This one is rather tricky to understand at first, but let me give it my best shot.  If your search query in Google is allinanchor:chocolate bars, you’ll see a list of URL’s that are indexed by Google and that contain “chocolate” and “bars” in the anchor text of its backlinks.  Did you get that?  So let me try to explain it in a different way.  Those results you see in Google when you use the allinanchor: operator have a number of backlinks each and at least one of those backlinks contain the words “chocolate” and “bars”.  I’m sure you know this, but anchor text is the text on a page that is linked to another web page or a different place on the current page. When you click on anchor text, you will be taken to the page or place on the page to which it is linked.

(Exceptions)

Combining this advanced search operator with others will return no results so be sure to only include your keywords (which can be one, two, three, or more actual words).  A variation of this advanced search operator is the inanchor: command.  Although these two search operators essentially do the same thing, the difference is that the inanchor: command only filters out based on the first word in your keyword string.  So for example, if your search query in Google is inanchor:chocolate bars, you’ll see a filtered list of results that have chocolate in the anchor text of their backlinks and has bars somewhere within the content of the page.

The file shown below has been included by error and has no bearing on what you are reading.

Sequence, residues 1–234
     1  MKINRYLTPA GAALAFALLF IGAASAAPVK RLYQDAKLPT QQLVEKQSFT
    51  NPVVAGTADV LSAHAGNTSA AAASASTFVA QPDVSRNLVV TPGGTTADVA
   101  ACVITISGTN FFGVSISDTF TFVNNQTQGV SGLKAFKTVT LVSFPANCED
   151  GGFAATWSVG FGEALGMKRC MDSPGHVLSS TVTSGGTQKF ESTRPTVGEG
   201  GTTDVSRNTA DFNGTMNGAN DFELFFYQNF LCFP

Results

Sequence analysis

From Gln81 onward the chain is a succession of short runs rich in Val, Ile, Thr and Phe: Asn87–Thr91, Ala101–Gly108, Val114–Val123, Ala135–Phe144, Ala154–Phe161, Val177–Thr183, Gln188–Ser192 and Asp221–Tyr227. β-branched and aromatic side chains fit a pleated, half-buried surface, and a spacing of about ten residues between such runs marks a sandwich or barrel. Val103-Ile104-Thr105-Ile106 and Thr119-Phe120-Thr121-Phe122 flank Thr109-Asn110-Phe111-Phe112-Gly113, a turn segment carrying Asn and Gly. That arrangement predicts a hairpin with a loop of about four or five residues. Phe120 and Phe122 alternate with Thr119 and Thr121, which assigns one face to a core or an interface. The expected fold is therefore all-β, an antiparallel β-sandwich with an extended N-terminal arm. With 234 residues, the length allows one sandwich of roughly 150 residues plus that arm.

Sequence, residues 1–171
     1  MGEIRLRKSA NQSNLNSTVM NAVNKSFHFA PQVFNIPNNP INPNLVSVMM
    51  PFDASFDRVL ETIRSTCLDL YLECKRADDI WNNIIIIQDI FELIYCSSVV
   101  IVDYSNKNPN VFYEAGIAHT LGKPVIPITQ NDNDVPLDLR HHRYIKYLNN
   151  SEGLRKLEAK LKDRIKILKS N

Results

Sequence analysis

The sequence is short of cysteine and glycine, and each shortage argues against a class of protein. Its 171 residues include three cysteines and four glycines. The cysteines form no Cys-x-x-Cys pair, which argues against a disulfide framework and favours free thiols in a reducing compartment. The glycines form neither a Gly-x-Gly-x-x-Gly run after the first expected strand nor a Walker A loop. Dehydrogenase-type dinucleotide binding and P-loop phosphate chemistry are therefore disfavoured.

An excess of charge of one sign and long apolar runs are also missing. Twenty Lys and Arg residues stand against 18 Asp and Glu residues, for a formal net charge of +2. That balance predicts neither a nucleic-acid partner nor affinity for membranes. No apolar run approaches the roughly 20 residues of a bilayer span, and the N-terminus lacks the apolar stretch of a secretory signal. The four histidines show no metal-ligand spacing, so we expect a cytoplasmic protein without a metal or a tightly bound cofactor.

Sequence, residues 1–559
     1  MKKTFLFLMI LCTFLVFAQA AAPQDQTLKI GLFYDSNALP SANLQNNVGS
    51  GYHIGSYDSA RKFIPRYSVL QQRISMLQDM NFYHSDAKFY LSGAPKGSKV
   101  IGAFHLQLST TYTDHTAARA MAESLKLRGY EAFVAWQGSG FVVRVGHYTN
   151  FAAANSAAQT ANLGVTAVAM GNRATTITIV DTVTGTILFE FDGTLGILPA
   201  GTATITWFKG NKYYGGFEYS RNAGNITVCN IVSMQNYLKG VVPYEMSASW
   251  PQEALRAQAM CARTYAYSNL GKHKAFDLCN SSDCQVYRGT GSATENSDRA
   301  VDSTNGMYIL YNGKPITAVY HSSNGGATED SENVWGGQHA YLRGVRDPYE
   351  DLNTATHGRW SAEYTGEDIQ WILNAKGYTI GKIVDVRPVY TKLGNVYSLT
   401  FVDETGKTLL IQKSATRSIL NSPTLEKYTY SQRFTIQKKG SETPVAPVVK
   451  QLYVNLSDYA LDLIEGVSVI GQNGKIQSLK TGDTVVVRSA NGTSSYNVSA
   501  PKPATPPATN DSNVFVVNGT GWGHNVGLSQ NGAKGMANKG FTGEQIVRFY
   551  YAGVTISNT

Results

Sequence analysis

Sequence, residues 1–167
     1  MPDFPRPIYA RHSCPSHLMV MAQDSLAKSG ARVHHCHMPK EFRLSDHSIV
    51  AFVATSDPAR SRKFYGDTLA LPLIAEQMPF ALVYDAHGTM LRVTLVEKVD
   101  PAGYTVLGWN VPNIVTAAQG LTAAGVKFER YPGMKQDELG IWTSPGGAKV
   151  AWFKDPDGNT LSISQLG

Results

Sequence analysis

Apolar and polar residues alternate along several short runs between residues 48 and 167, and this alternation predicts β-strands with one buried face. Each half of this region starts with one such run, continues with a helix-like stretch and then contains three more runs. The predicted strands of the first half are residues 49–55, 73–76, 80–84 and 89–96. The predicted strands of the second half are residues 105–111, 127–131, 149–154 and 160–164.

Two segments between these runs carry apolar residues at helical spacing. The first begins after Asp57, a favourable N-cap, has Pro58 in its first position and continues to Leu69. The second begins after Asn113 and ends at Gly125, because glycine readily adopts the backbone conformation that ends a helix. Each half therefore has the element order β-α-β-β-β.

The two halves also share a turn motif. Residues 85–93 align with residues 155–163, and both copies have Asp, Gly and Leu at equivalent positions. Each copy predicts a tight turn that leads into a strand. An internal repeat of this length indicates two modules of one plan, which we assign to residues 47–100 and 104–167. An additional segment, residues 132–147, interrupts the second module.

(Best way to use it)

For your top keywords, you can use this advanced search operator to see which URL’s seem to have the greatest amount of backlinks with the anchor text you are interested in.  If you’re feeling a bit advantageous, you can even combine a couple here.  For example, a search query for “inanchor:chocolate bars site:www.godiva.com” will show you all of the pages on Godiva.com that have links with chocolate the anchor text and bars somewhere within the content.

allintitle:

(Example)

If your search query in Google is allintitle:chocolate bars, you’ll see a list of URL’s that are indexed by Google and that contain “chocolate” and “bars” in the title tag.

(Exceptions)

Combining this advanced search operator with others will return no results so be sure to only include your keywords (which can be one, two, three, or more actual words).  A variation of this advanced search operator is the intitle: command.  Although these two search operators essentially do the same thing, the difference is that the intitle: command only filters out based on the first word in your keyword string.  So for example, if your search query in Google is intitle:chocolate bars, you’ll see a filtered list of results that have chocolate in the title tag and has bars somewhere within the content of the page.